Weekly Island Round-Up - 01 Feb 2021
Here are 3 things happening in Mauritius this week!
1) UK is urged by the UN’s maritime court to give up its claim to the Chagos Archipelago, which is currently being used as US military base.
The UK has been urged to end its “unlawful occupation” of the Chagos Islands by the prime minister of Mauritius, after Britain’s claim to sovereignty over the strategically important islands in the Indian Ocean was comprehensively rejected by the United Nation’s special international maritime court in Hamburg.
The UK retained possession of the Chagos archipelago after Mauritius gained independence in 1968, in effective paying Mauritius more than £4m for the islands. In the early 70s, between 1,500 and 2,000 islanders were forcibly deported so that the largest island, Diego Garcia, could be leased to the US to use as an airbase. They have never been allowed to return. Mauritius has promised to let the US troops remain on a lengthy lease.
2) Les Salines de Mont Calme, Mauritius’ former salt pans which produced salt for the local area of Tamarin, could be razed to make way for a third shopping centre in the region.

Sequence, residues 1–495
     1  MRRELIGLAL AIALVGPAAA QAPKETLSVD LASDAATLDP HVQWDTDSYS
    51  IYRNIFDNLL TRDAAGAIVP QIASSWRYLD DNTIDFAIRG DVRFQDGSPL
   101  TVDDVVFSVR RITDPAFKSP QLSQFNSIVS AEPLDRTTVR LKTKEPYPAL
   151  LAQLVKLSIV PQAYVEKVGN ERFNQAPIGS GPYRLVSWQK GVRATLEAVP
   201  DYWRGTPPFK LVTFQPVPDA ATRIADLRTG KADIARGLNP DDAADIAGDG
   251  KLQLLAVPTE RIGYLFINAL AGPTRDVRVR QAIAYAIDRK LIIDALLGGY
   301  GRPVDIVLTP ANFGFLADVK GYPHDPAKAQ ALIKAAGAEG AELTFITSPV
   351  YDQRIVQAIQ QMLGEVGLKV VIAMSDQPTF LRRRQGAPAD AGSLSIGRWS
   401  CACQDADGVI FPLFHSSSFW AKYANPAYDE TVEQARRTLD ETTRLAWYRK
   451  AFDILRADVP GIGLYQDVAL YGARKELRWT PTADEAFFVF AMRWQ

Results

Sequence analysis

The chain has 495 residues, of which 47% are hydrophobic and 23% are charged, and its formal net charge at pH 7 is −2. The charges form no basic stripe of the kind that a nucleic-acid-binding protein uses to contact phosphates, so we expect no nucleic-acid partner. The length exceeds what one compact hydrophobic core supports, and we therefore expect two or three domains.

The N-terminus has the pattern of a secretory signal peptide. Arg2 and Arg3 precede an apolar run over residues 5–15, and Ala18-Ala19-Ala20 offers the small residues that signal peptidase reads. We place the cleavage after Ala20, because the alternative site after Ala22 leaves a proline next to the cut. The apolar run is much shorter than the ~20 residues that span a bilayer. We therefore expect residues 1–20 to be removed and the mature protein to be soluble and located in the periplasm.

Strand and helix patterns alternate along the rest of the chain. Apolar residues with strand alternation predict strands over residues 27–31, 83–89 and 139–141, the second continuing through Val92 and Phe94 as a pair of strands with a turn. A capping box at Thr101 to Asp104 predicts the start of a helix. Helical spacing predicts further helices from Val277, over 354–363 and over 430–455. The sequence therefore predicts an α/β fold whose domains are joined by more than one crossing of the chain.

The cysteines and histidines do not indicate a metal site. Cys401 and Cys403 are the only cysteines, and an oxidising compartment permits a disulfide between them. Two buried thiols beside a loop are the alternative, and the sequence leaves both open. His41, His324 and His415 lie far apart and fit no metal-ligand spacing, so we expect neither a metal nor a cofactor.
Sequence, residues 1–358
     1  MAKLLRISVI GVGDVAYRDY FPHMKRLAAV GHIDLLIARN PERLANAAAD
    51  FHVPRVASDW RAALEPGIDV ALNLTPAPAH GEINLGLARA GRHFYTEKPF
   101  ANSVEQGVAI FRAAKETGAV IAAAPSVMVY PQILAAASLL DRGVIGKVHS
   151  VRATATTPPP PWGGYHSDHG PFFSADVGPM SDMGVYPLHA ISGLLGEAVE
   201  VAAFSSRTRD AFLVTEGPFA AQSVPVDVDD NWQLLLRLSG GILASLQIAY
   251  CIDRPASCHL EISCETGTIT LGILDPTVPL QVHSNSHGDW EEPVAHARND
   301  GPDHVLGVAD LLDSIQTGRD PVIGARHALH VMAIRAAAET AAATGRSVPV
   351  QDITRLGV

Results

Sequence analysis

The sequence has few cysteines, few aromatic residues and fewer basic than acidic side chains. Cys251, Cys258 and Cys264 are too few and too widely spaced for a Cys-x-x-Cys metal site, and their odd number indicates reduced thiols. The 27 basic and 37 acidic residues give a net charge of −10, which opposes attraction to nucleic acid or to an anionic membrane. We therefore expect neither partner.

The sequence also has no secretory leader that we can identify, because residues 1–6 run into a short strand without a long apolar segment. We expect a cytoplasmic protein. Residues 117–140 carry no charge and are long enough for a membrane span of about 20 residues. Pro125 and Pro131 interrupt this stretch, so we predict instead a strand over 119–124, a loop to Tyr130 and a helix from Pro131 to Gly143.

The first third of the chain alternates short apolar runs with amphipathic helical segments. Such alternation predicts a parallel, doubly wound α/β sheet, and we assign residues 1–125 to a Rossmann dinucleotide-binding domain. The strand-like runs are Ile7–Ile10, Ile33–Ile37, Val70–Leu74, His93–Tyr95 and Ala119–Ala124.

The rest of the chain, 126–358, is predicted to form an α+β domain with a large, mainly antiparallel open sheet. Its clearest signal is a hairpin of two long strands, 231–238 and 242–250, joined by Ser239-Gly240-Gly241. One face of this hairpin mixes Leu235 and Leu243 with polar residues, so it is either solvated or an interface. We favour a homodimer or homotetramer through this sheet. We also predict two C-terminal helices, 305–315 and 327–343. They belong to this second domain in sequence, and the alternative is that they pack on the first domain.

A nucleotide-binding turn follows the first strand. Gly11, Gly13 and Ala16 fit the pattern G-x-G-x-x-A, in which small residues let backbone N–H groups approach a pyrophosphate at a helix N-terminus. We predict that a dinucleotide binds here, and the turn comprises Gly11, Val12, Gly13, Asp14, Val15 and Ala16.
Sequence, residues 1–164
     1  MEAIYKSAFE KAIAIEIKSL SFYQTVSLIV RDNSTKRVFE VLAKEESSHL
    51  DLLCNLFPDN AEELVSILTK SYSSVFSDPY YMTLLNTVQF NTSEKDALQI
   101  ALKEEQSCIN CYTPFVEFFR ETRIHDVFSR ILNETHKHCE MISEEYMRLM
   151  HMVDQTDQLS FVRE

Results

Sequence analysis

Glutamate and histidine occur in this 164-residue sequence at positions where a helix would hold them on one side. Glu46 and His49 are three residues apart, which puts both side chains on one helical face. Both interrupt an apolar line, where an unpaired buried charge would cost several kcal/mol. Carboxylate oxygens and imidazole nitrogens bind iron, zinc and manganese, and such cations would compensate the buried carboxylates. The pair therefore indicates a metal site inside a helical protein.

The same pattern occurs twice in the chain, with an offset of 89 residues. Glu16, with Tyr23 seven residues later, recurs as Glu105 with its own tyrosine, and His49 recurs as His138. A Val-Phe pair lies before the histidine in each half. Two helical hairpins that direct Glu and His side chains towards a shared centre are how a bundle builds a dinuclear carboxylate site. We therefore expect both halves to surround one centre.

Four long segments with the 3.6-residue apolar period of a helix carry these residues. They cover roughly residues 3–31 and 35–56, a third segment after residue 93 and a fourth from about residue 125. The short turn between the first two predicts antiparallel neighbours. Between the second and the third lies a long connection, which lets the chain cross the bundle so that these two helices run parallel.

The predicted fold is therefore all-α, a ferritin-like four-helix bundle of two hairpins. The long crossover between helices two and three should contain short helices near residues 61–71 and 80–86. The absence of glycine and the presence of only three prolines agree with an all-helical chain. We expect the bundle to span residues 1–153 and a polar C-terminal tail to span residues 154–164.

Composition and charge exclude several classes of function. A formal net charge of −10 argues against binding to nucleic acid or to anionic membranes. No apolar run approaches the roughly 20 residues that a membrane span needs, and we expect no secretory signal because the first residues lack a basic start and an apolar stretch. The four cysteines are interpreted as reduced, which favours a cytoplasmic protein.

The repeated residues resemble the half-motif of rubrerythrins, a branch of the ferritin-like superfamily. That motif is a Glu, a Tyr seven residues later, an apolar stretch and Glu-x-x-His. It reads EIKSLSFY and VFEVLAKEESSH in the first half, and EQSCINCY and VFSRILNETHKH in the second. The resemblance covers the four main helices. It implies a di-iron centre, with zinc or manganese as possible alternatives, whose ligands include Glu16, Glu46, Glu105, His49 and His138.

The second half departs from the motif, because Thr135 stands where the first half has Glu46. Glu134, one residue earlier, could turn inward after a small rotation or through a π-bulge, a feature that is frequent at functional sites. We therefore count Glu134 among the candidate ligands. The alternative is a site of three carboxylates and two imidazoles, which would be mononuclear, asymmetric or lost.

Les Salines are giant salt-pans that have formed part of the backdrop of Tamarin for generations. Sea water is pumped into the salt pans, which is raked by salt workers to produce salt, using techniques which have been passed down for generations.
The Mont Calme salt works have been disused for six years, and are now facing threat of commercial development. Conservation group SOS Salines are looking into a project that will be more beneficial for the community.
3) Thousands of Mauritians celebrate Thaipoosam Cavadee- a Tamil festival which celebrates the Hindu God Muruga
Cavdee is a Tamil festival which celebrates Muruga (the Hindu God of war). It is a national holiday in Mauritius.
Before Cavadee, devotees take part in a period of cleansing, fasting and prayers.
On Cavdee itself (which took place on the 28th Jan this year), devotees take part in a vow of silence during a pilgrimage to the Kovil (temple). They’re also pierced with vels (small needles) as a symbol of devotion.